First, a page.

Front Toss

Front toss is a must for all hitters. Whether it is done as a part of a team practice or an individual lesson, hitters need to see the ball coming at them. I’m not a big fan of pitching machines for batting practice, but I do love me some front toss.

One of the things that many people say to me is that they feel like front toss is “too easy” which makes it less applicable to real hitting. Some like the idea of a pitching machine because it allows for a higher pitch speed than the typical coach throwing front toss.

I have a couple thoughts for you to ponder if you think that front toss is too easy.

We all struggle with the challenge of creating a high enough pitching speed to challenge our better hitters with front toss. Well the best way to create the simulation of high pitch speeds is to move the tosser much closer to the hitter. Of course you need to use a protective screen to keep from getting killed, but by shortening the distance, you give the hitter the same timing challenges that a higher speed pitch would create.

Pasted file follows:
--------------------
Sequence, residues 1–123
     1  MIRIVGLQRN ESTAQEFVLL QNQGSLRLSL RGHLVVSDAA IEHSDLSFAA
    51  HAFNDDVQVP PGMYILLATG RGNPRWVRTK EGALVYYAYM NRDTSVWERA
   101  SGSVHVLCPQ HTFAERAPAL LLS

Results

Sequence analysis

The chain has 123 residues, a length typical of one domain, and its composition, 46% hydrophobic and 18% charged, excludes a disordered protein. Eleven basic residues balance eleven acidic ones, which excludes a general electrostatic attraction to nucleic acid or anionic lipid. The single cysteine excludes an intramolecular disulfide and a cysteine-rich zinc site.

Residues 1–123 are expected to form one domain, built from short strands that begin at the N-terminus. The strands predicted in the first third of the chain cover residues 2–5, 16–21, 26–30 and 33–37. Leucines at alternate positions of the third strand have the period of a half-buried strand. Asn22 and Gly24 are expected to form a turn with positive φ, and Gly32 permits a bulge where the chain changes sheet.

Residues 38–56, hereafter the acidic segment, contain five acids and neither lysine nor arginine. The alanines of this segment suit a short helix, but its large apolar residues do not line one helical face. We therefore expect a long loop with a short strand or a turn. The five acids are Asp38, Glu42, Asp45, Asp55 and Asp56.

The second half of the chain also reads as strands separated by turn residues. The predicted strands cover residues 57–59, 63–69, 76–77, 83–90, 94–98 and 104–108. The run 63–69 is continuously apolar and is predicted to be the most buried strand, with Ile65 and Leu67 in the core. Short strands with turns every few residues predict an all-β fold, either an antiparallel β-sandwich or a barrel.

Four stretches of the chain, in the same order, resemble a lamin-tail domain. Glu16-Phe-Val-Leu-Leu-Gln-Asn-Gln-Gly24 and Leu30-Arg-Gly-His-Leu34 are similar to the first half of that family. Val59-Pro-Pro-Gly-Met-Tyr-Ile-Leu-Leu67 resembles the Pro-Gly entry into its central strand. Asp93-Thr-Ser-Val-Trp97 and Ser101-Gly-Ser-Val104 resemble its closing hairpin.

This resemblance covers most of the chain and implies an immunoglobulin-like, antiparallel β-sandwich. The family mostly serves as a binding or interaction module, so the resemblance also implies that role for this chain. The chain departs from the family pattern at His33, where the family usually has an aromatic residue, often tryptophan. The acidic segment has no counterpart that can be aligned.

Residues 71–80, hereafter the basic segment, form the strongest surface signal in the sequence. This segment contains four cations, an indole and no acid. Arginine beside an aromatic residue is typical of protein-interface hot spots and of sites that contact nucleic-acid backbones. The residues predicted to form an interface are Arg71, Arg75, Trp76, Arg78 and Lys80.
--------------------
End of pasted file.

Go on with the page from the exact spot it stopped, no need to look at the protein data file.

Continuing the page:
One of the challenges is getting hitters to understand that the reaction time they are dealing with is the most important factor is getting them ready to face faster pitching. Many hitters fail to see the connection between reaction time and speed so we need to educate them.

For example, when you can front toss at about 25 miles per hour (which isn’t that difficult) from a distance of 15 feet you are simulating a pitch traveling at about 62 miles per hour. Once a hitter understands the math they start to see the benefit that front toss offers.

Well a pitching machine can throw 62 MPH so why not use that instead, says the doubter. Yes, good point but the reality of a pitching machine is that it lacks the timing mechanisms that a hitter can gain from doing front toss. Hitters really need to see the arm action that they get from front toss and if a coach can get good at a windmill delivery then you have the best of both worlds.

Now there is one negative for coaches throwing a lot of front toss. After about 40 years of doing front toss, my right shoulder is ridiculously bigger than my left. When I tried to get a new suit a few years ago the seamstress got very frustrated because she couldn’t figure out what to do with one shoulder that was a 34 regular and another that was a 48 large.

Small price to pay. I know it’s worth it when I see these kids hit!